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August-September 2021 | Features

Child abuse is a stain on civil society

Child abuse is a stain on civil society

Jim Wilson is a Past President of Norwich Marchesi Rotary, and a former chairman of Norfolk Police Authority. Here, he writes about why Rotary should become active in the campaign against child sexual abuse.

The statistics are appalling. The consequences in terms of childhoods destroyed and lives scarred is shattering.

The first ever attempt, published in January 2020 by the Office for National Statistics, to produce a coordinated, accurate estimate of the number of young people affected by childhood abuse before the age of 16, suggests a fifth of the population has suffered from it.


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That is 8.5 million victims of physical, emotional or sexual abuse. Of those, no fewer than 3.1 million have suffered sexual abuse or exploitation.

How can Rotary assist in combating this horrifying cancer that exists in our communities?

How can Rotary support the estimated one in seven who seek help and counselling, generally later in life, to help them cope with their trauma?

According to the Office for National Statistics, there have been 8.5 million victims of physical, emotional or sexual abuse.”

First, by raising awareness of a subject not widely discussed or understood, so victims can be pointed in the direction of trained and sensitive help.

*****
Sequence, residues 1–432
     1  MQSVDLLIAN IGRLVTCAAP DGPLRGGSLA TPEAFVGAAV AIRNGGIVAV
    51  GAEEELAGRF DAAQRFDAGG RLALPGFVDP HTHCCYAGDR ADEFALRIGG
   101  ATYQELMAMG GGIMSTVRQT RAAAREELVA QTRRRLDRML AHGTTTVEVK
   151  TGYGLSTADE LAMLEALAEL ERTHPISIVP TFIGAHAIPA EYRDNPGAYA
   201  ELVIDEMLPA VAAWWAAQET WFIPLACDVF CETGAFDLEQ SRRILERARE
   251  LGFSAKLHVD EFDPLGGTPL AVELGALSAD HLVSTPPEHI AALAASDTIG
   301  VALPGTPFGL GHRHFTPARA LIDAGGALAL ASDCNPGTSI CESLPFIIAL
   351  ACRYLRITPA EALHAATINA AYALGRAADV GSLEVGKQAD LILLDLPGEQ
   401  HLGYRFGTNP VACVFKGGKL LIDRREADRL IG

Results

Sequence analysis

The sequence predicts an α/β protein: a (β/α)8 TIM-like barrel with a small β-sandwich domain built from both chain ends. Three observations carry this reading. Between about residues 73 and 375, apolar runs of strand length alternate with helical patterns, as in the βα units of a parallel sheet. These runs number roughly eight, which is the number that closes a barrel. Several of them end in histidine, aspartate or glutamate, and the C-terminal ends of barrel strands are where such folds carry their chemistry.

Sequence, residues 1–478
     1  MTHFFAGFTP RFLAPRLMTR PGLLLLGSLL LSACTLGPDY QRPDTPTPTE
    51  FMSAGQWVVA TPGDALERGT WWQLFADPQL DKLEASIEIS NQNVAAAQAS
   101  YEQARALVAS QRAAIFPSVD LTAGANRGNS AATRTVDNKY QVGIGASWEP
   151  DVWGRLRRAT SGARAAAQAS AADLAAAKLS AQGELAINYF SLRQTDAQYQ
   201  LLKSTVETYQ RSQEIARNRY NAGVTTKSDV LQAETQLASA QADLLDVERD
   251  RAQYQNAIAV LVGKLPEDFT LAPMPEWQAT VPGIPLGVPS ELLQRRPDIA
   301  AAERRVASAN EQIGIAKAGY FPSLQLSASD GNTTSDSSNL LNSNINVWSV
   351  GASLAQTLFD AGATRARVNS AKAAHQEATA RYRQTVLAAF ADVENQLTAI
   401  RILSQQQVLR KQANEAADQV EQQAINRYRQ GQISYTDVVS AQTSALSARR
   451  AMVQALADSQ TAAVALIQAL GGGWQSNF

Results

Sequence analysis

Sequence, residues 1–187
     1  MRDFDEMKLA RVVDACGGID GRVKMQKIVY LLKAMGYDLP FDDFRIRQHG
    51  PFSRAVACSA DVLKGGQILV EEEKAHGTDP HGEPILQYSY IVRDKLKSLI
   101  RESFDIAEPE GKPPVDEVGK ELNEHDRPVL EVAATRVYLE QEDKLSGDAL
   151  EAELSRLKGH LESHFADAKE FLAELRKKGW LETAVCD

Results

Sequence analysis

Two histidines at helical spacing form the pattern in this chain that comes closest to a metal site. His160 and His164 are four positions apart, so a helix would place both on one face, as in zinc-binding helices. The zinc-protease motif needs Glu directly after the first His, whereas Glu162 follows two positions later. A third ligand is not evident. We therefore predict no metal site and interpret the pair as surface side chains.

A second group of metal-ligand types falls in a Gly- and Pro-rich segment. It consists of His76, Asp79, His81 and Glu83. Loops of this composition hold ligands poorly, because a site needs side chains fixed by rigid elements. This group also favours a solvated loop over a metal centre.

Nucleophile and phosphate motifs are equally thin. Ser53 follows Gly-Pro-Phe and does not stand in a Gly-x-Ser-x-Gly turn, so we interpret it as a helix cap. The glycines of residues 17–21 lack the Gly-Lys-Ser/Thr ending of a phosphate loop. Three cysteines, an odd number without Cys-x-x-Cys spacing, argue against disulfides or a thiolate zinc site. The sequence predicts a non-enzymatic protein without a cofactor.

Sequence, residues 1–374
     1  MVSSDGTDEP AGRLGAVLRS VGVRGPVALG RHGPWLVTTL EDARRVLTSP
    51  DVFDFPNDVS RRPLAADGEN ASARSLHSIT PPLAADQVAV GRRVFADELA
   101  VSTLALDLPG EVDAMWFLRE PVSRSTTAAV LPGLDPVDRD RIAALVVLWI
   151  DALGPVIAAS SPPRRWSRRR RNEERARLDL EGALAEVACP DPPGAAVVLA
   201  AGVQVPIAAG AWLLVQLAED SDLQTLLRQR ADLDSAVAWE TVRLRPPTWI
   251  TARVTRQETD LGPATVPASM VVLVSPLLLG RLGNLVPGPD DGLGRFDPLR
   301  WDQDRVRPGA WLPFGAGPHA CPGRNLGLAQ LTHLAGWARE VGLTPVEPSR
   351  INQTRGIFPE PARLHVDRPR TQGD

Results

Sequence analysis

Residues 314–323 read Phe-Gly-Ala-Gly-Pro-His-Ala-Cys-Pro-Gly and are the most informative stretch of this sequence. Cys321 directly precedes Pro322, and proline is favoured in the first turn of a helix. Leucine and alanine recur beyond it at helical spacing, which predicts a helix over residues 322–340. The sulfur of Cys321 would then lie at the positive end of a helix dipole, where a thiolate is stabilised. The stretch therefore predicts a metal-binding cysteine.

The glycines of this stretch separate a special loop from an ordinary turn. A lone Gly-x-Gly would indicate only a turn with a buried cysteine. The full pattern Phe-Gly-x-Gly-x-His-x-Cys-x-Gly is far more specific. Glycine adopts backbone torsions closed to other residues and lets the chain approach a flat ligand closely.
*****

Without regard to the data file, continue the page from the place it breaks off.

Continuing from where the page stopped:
Second, by supporting those organisations, many of them underfunded and voluntary, who have the expertise and knowledge to counsel victims seeking release from terrible childhood experiences, which if unchecked can go on to wreck every aspect of an individual’s life like nothing else.

And, third, by helping to sponsor this vital work, which can start the process of rebuilding and reviving lives damaged in childhood.

Currently, the fear of the police, experts in this area, and many members of Parliament are that the COVID-19 lockdown will have resulted in many more childhood victims.

Victims suffering silently, behind closed doors, with no-one to turn to, with schools mostly closed, and therefore even that one opportunity of safeguarding denied them.

Victims suffering silently, behind closed doors, with no one to turn to

In Norfolk, it is estimated there are between 9,500 and 10,000 victims of child sexual abuse.

Norfolk’s Lord Lieutenant, Lady Philippa Dannatt, wrote that organisations like the Sue Lambert Trust will need every kind of support, particularly financial, in the months and years ahead.

She wrote: “They will be deluged by clients once lockdown is over.

“The effects of sexual abuse in childhood destroys any semblance of childhood and unchecked can go on to wreck every aspect of adult lives like little else.

“These are hidden crimes taking place behind bolted doors and curtained windows, every hour of every day, without respite.

“To be blunt, children are being abused physically, mentally, and sexually by the very people who should be protecting them the most. Family should be our safe haven. Sometimes, tragically, the complete opposite is true.